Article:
Note that she is not saying, by any stretch of the imagination, that all vaccines are bad and you shouldn’t use them. She is saying there is a component of one particular type of vaccine that has the potential to cause a nasty problem, and because there are better, safer vaccine alternatives, we need to use those instead.
Dr. Wolf bases her vaccine recommendations on the widely used AAFP recommendations, which can be found here. She does state, and I agree, that all kittens should be vaccinated for FELV, though whether that is boosted into the adult years should be determined based on pet lifestyle. Again, and this is key, she recommends vets always use non-adjuvanted vaccines whenever they are available. “WHO classifies veterinary vaccine adjuvants as a Class 3/4 carcinogen,” she told the crowd. “If there was an alternative, which one would you choose?”
I’m calling this now. As a client, your vet may not carry non-adjuvanted vaccines such as PureVax, but they should. This is where the tide is going. This is what is right, and you as a client should be OK demanding it, and the other you, the new vets, should as well, because you need to advocate for your clients no matter what.
Let me make it easy for you, newbies. Because you won’t be newbies for long and in another year or two you won’t care what I have to tell you.
Do what you know is right, always. And that is all you need to know.
We, the collective animal loving internet, have done a great job of telling people to “Adopt, Don’t Shop.” We do it so much that people say it without thinking, assume without asking, and demand without discourse. Now, don’t get me wrong: I absolutely support the concept, and this is why I am here writing a post today in honor of Petside’s Pet Net Adoption Week. It’s why I’ve adopted lots of pets over the years. But this is only half the equation.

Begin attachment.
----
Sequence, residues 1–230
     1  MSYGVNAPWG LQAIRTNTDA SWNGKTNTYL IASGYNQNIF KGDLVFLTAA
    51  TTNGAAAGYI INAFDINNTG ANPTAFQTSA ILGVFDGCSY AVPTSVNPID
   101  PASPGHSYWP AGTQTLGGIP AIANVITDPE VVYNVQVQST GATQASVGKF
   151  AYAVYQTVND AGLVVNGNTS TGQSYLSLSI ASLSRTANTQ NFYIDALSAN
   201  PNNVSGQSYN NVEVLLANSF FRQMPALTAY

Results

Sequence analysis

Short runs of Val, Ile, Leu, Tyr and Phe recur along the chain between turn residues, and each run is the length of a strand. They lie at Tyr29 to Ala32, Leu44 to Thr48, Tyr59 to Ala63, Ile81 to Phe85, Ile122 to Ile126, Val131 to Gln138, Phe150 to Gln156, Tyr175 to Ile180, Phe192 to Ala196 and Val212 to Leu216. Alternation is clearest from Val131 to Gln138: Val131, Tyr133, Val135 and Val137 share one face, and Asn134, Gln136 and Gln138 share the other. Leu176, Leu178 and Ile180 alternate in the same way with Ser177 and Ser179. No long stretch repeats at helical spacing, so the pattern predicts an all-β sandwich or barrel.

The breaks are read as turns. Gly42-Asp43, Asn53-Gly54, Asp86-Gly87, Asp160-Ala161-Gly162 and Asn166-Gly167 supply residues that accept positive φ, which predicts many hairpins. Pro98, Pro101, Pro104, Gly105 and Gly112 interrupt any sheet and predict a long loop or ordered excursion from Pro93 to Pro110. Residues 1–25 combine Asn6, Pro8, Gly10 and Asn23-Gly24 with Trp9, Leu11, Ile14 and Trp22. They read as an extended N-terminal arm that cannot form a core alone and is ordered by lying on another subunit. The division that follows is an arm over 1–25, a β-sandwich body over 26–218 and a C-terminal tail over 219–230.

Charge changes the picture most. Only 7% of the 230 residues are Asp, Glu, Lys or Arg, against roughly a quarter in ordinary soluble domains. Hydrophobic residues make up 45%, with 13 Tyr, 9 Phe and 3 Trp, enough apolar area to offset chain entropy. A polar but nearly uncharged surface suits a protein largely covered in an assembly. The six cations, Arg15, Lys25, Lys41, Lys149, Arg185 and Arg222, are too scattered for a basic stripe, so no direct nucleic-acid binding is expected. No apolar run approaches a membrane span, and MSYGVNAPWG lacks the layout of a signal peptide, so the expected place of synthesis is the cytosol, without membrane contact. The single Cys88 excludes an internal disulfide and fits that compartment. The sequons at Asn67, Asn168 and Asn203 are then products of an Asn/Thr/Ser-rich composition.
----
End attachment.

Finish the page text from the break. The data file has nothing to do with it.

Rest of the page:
We tell people they should adopt, and why they should adopt, and then do nothing to support people during the transition. Here’s the reality: pets do get returned to shelters and the rescues, usually for reasons that could have been avoided with a little owner education and preparation. In the rush to get pets out into homes, we sometimes neglect to make sure those homes are ready and willing to take on the challenges, which are rewarding beyond measure once you get past them- as long as you know they are coming.
1. Be honest with adopters about the pet’s behavioral issues that need to be worked on.
Nuke, the 10 year old coonhound I adopted from UC Davis, was a moderately neurotic agoraphobic hound dog who had never been housetrained. Translation: I left him outside when I was gone, as the well meaning person at the school had recommended, only to have him howl inconsolably because he was scared of being outdoors. I got a notice from the neighbors within 36 hours.
6 months, three adopted pets: for a vet student, pretty typical.
I wouldn’t say crate training an elderly, set in his ways dog was an easy task, but I did it, only because I had access to professionals who reassured me that with patience, it was possible. He never did learn to sit on command, but he ended up housetrained, and we had three lovely years together before he passed away.
Koa has terrible separation anxiety that leads her to howl like a banshee- one currently in a state of torture- when she is left alone. It’s why she was returned to the rescue twice. Unfortunately I didn’t know this until I got home and reviewed the paperwork in detail and found the note from the previous owner. Luckily, I can keep her inside where she doesn’t bother anyone, and I have Thundershirts and all that good stuff.
We make do. But some people couldn’t in that situation, and it’s better to give them fair warning and let them find the right pet for them than to make them return a pet later, which is stressful for everyone- and might even turn them off rescue entirely. Some people can’t handle a cat who sprays or a dog who doesn’t like other dogs, and that is part and parcel of having a pet, yes, but this is also a great opportunity for us: all pets have their quirks. The difference between a puppy and a senior is that with the senior, those quirks are known ahead of time, and for that I am grateful.